Variable-temperature (2–300 K) magnetic susceptibility measurements were performed on polycrystalline samples of 1 and 2 in static magnetic fields ranging from 0.01 to 5 T (Figure 2 and the supplementary information). The measured χT value for 2 at room temperature is approximately 4.3 cm3 K mol−1; considering that the susceptibility curves for the Cd-based analogue 1 (see the Supporting Information) point towards a much smaller χT value (below 0.3 cm3 K mol−1) we can conclude that this value is in line with what is expected for one spin-only divalent manganese (with S=5/2 and g close to 2) and one pentavalent uranium ion, whose magnetic moment is significantly reduced with respect to the free-ion value by the combined effect of ligand field and covalent bonding.19 The χT product decreases with decreasing temperature to 4.1–4.2 cm3 K mol−1 at 150 K; the fact that the same quantitative behavior is observed for 1 and that the decrease is similar in absolute value for the two compounds, allows the attribution of this effect to the ligand-field state depopulation for the anisotropic uranium centers, whereas the contribution of the more isotropic manganese ions can be approximately regarded as constant within this temperature range. Below 150 K, the susceptibility of 2 increases to reach a field-dependent maximum, with values of 56.8 cm3 K mol−1 at 0.01 T (Figure S9) and 52.7 cm3 K mol−1 at 0.05 T (Figure 2), before dropping rapidly at very low temperatures owing to saturation effects, magnetic anisotropy, and possibly inter-chain antiferromagnetic interactions. The increase of χT below 150 K, as well as the strong deviation from the Curie–Weiss behavior of χ−1 vs. T (see the Supporting Information), suggests dominant ferromagnetic interactions leading to an aligned-spin ground state. None of this is observed for the Cd-based analogue 1, where only an abrupt decrease of the χT product below 25 K is observed, which is most likely due to single-ion crystal field effects associated with UV,8a quenching of the orbital angular momentum, and possibly weak next-nearest-neighbor antiferromagnetic exchange between uranium centers.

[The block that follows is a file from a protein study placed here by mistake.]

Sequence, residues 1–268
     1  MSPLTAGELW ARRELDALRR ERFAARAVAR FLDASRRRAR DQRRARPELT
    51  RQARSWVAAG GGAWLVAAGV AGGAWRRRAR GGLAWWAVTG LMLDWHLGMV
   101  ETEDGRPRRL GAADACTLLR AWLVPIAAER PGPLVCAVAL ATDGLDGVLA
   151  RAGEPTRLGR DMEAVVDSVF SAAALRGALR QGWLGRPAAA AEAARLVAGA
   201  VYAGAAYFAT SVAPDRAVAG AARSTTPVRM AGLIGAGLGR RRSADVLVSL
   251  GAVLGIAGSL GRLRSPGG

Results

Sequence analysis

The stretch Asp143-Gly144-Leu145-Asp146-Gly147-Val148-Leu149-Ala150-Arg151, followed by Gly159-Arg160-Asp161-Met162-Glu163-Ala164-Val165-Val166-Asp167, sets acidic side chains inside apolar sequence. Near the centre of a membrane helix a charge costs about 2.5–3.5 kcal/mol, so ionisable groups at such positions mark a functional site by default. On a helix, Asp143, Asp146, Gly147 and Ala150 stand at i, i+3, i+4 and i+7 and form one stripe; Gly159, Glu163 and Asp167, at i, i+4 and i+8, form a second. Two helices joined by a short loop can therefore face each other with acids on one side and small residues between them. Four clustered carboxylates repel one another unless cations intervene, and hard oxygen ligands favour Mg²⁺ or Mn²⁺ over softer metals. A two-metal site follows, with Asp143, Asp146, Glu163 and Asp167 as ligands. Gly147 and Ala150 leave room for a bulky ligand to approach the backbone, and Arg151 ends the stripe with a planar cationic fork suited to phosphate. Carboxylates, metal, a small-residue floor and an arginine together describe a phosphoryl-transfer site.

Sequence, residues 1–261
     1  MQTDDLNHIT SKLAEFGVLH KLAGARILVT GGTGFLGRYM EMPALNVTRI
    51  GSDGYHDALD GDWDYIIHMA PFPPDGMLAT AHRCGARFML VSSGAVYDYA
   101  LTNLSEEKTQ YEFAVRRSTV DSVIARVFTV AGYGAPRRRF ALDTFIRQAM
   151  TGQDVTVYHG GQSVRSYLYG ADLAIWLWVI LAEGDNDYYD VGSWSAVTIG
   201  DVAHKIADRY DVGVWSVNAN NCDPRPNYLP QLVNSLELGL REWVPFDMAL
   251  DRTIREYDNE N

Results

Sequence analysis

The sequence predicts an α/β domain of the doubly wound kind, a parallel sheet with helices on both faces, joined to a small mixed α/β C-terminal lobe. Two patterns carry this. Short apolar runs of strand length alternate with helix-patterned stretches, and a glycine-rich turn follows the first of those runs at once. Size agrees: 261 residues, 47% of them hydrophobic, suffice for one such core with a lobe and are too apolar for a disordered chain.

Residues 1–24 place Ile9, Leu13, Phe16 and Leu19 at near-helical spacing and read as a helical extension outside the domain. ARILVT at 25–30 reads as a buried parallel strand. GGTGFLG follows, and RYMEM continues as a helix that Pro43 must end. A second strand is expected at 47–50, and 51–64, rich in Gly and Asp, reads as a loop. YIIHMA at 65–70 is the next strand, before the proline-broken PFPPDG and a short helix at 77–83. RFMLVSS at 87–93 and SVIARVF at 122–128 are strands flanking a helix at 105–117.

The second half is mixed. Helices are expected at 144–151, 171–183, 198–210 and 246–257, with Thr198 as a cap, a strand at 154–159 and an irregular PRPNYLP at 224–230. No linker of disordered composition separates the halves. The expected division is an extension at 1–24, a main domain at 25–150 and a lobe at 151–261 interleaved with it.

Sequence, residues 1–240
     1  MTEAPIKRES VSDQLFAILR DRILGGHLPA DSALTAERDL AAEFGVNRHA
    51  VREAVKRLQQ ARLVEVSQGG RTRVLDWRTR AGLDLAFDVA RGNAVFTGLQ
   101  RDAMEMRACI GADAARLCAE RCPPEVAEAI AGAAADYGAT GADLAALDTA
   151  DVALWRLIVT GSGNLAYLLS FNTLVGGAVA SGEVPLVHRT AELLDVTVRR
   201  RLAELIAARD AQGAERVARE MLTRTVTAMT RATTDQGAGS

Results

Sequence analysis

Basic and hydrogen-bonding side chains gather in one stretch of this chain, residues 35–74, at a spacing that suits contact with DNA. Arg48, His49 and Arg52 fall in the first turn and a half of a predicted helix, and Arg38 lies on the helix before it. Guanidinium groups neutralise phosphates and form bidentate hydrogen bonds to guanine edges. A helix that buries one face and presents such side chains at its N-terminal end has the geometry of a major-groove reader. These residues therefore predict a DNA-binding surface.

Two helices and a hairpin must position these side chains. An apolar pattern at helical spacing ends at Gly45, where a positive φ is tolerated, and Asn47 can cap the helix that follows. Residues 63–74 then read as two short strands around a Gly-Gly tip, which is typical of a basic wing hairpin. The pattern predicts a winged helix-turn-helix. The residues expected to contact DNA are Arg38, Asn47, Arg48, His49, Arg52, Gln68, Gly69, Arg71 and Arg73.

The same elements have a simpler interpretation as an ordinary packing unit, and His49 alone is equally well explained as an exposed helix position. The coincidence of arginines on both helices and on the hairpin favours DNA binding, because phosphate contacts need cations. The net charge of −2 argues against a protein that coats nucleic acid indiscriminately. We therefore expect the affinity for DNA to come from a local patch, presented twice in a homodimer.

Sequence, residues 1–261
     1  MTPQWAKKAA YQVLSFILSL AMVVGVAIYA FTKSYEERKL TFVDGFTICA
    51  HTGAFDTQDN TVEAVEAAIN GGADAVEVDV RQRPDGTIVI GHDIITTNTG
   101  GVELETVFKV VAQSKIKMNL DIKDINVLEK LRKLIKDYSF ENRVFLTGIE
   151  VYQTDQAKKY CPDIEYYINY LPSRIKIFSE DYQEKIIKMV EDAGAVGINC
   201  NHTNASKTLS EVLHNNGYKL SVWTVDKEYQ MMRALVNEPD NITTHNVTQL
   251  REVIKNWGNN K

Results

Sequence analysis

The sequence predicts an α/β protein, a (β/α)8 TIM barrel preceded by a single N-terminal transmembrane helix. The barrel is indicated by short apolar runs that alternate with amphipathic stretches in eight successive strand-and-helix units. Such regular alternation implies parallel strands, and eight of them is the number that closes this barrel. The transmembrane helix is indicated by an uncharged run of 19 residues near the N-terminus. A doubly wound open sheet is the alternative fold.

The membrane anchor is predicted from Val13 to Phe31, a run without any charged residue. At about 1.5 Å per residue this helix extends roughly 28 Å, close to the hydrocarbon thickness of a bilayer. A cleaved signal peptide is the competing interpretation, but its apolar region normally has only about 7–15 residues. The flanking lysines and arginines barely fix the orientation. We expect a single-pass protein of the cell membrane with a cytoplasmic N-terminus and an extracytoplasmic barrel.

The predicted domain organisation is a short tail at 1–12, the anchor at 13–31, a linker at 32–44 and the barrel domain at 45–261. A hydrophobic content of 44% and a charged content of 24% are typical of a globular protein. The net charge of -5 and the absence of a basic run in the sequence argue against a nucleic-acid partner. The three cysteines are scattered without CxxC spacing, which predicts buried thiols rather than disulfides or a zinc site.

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Figure 2. Plots of a) χT vs. T and b) ln (χT) vs. 1/T for a polycrystalline sample of 2 measured at 0.05 T applied field.

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A scaling procedure of the χT data of 2 (Figure 2) clearly indicates the occurrence of a linear regime, which is characteristic of Ising 1D systems.2a, 20 The ln(χT) versus 1/T plot increases linearly between 45 and 16 K. Fitting the experimental data within this linear regime using the equation χT=Ceff exp(Δ/kBT), which describes a ferromagnetically coupled infinite chain, gives an energy gap (Δ/kB) of 45.5 K and a pre-exponential factor (Ceff) of 1.98. Very similar results for the ferromagnetic exchange gap are obtained by fitting the magnetic susceptibility data of 2 at 16–300 K with the equation χT=[C1 exp(Δ1/kBT)]+[C2 exp(Δ2/kBT)], where a second negative exponential that vanishes at 0 K is added to take into account the high-temperature crystal field effect or antiferromagnetic contribution.6c In this case, we obtained Δ1/kB=45.5 K, Δ2/kB=−90.2±9.4 K, C1=1.98, and C2=2.73, which is in very good agreement with the previous considerations. As expected, the high-temperature extrapolated Curie constant, C[DOUBLE BOND]C1+C2=4.71 cm3 K mol−1, is close to the expected value for one MnII ion and one UV ion.

The existence of a magnetic ground state in 2 is further confirmed by the observation of magnetic hysteresis loops. As shown in Figure 3, magnetic bistability is observed in all magnetization versus field scans at 2–5 K. With decreasing temperature, the coercive field increases, reaching a value of 3.4 T at 2 K. At zero field, a remanent magnetization (REM) of 1.7 μB is preserved. This behavior is typical of a single-chain magnet below its blocking temperature (TB). Indeed, below 6 K a divergence is observed between zero-field-cooled and field-cooled magnetizations as a function of temperature (see the Supporting Information). In addition, REM vanishes at ca. 5.8 K, which corresponds to the blocking temperature of the material.

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Figure 3. Field dependence of the magnetization of 2 measured at 2.5 K. Inset shows hysteresis loops recorded at four different temperatures.